– reduckted
    Commented Feb 12, 2021 at 5:25

How I would write my own "awaitable" method? Is it as simple as wrapping the code that I want to run asynchronously in a Task and returning that?

That is one option, but it's most likely not what you want to do, because it doesn't actually give you many of the advantages of asynchronous code. For more details, see Stephen Toub's Should I expose asynchronous wrappers for synchronous methods?

In general, methods are not awaitable, types are. If you want to be able to write something like await MyMethod(), then MyMethod() has to return Task, Task<T> or a custom awaitable type. Using a custom type is a rare and advanced scenario; using Task, you have several options:

  • Write your method using async and await. This is useful for composing actions asynchronously, but it can't be used for the inner-most awaitable calls.
  • Create the Task using one of the methods on Task, like Task.Run() or Task.FromAsync().
  • Use TaskCompletionSource. This is the most general approach, it can be used to create awaitable methods from anything that will happen in the future.

Yes, technically you only need to return a Task or Task<Result> from an async method to implement an awaitable method.

This supports the Task-Based Asynchronous Pattern.

There are several ways of implementing the TAP, however. See Implementing the Task-based Asynchronous Pattern for details.

(But all these implementations still return Task or Task<Result>, of course.)


Just convert your method to Task. Like @Romiox I usually use this extention:

public static partial class Ext
    #region Public Methods
    public static Task ToTask(Action action)
        return Task.Run(action);
    public static Task<T> ToTask<T>(Func<T> function)
        return Task.Run(function);
    public static async Task ToTaskAsync(Action action)
        return await Task.Run(action);
    public static async Task<T> ToTaskAsync<T>(Func<T> function)
        return await Task.Run(function);
    #endregion Public Methods

Now let we say you have

void foo1()...

void foo2(int i1)...

int foo3()...

int foo4(int i1)...


Then you can declare your[async Method] like @Romiox

async Task foo1Async()
    return await Ext.ToTask(() => foo1());
async Task foo2Async(int i1)
    return await Ext.ToTask(() => foo2(i1));
async Task<int> foo3Async()
    return await Ext.ToTask(() => foo3());
async Task<int> foo4Async(int i1)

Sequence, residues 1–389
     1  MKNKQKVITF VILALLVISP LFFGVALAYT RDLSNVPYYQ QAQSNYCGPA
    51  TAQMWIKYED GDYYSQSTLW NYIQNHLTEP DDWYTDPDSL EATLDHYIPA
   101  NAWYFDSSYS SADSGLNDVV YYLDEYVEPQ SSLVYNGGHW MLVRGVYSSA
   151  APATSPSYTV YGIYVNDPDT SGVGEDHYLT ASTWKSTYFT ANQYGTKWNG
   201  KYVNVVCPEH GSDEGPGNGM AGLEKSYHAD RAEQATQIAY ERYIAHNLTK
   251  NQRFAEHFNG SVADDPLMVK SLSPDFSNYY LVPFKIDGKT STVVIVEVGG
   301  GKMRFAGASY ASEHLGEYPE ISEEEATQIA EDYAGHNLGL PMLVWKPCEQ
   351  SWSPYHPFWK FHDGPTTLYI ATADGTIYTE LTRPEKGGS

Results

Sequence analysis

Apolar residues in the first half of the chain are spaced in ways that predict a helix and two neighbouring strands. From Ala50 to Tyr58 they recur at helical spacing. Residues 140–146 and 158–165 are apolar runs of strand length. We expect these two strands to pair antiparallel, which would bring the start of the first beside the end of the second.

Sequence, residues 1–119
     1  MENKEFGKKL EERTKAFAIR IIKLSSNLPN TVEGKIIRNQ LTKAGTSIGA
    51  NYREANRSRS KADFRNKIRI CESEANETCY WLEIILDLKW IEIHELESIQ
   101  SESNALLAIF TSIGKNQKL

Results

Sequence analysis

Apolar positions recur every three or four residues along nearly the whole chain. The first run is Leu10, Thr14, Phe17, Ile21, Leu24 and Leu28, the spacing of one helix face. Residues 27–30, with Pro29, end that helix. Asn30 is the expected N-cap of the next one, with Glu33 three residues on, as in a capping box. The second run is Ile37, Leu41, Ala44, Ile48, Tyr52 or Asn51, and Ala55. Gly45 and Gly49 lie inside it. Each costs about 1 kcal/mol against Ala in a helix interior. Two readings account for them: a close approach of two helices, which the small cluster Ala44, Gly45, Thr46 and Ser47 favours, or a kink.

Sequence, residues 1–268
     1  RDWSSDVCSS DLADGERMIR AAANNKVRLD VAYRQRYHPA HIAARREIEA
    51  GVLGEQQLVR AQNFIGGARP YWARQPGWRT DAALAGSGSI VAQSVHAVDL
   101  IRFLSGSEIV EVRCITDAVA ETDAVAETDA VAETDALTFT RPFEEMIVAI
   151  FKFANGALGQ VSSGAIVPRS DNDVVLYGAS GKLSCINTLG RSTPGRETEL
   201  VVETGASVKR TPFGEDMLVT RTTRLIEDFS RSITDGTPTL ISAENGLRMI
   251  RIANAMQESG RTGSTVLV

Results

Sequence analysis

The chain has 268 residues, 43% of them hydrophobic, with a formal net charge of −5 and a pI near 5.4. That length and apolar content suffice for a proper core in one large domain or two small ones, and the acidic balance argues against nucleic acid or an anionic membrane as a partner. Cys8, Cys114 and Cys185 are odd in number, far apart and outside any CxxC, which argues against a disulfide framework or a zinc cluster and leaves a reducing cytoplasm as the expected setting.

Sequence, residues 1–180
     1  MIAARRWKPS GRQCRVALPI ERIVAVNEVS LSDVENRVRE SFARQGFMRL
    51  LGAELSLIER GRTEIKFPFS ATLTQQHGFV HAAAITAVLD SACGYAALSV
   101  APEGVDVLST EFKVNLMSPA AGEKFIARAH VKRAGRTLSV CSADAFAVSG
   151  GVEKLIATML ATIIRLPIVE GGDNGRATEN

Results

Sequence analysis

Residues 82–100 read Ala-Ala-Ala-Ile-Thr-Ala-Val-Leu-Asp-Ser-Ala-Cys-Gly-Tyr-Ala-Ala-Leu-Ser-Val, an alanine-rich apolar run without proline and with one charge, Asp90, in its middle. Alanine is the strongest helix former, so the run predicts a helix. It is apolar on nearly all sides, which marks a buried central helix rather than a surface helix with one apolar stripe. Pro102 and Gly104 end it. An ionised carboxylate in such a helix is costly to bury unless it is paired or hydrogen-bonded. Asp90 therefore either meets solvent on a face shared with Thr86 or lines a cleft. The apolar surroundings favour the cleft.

return await Ext.ToTask(() => foo4(i1));


async Task foo1Async()
    return await Ext.ToTaskAsync(() => foo1());
async Task foo2Async(int i1)
    return await Ext.ToTaskAsync(() => foo2(i1));
async Task<int> foo3Async()
    return await Ext.ToTaskAsync(() => foo3());
async Task<int> foo4Async(int i1)
    return await Ext.ToTaskAsync(() => foo4(i1));


Now you can use async and await for any of the fooAsync methods e.g. foo4Async

async Task<int> TestAsync () {
    ///Initial Code
    int m = 3;
    ///Call the task
    var X = foo4Async(m);
    ///Do something while waiting comes here
    var Result = await X;
    ///Some Code here
    return Result;
  • Where is the await keyword in your example? Commented Jun 4, 2015 at 16:12

If you don't want to use a Task, you may write a completely customized awaitable object. Such object is one implementing a method GetAwaiter () returning an object implementing INotifyCompletion, which can be the object itself.

More: INotifyCompletion

The awaiter implements:

  • IsCompleted is get the state
  • GetResult () to get the result
  • OnCompleted (Action continuation) to set the continuation delegate.

The awaitable object contains some method for actual payload (e.g. below, the method is Run).

class Program {
    // Need to change the declaration of Main() in order to use 'await'
    static async Task Main () {
        // Create a custom awaitable object
        MyAwaitable awaitable = new MyAwaitable ();

        // Run awaitable payload, ignore returned Task
        _ = awaitable.Run ();

        // Do some other tasks while awaitable is running
        Console.WriteLine ("Waiting for completion...");

        // Wait for completion
        await awaitable;

        Console.WriteLine ("The long operation is now complete. " + awaitable.GetResult());

public class MyAwaitable : INotifyCompletion {
    // Fields
    private Action continuation = null;
    private string result = string.Empty;

    // Make this class awaitable
    public MyAwaitable GetAwaiter () { return this; }

    // Implementation of INotifyCompletion for the self-awaiter
    public bool IsCompleted { get; set; }
    public string GetResult () { return result; }
    public void OnCompleted (Action continuation) {
        // Store continuation delegate
        this.continuation = continuation;
        Console.WriteLine ("Continuation set");

    // Payload to run
    public async Task Run () {
        Console.WriteLine ("Computing result...");

        // Wait 2 seconds
        await Task.Delay (2000);
        result = "The result is 10";

        // Set completed
        IsCompleted = true;

        Console.WriteLine ("Result available");

        // Continue with the continuation provided
        continuation?.Invoke ();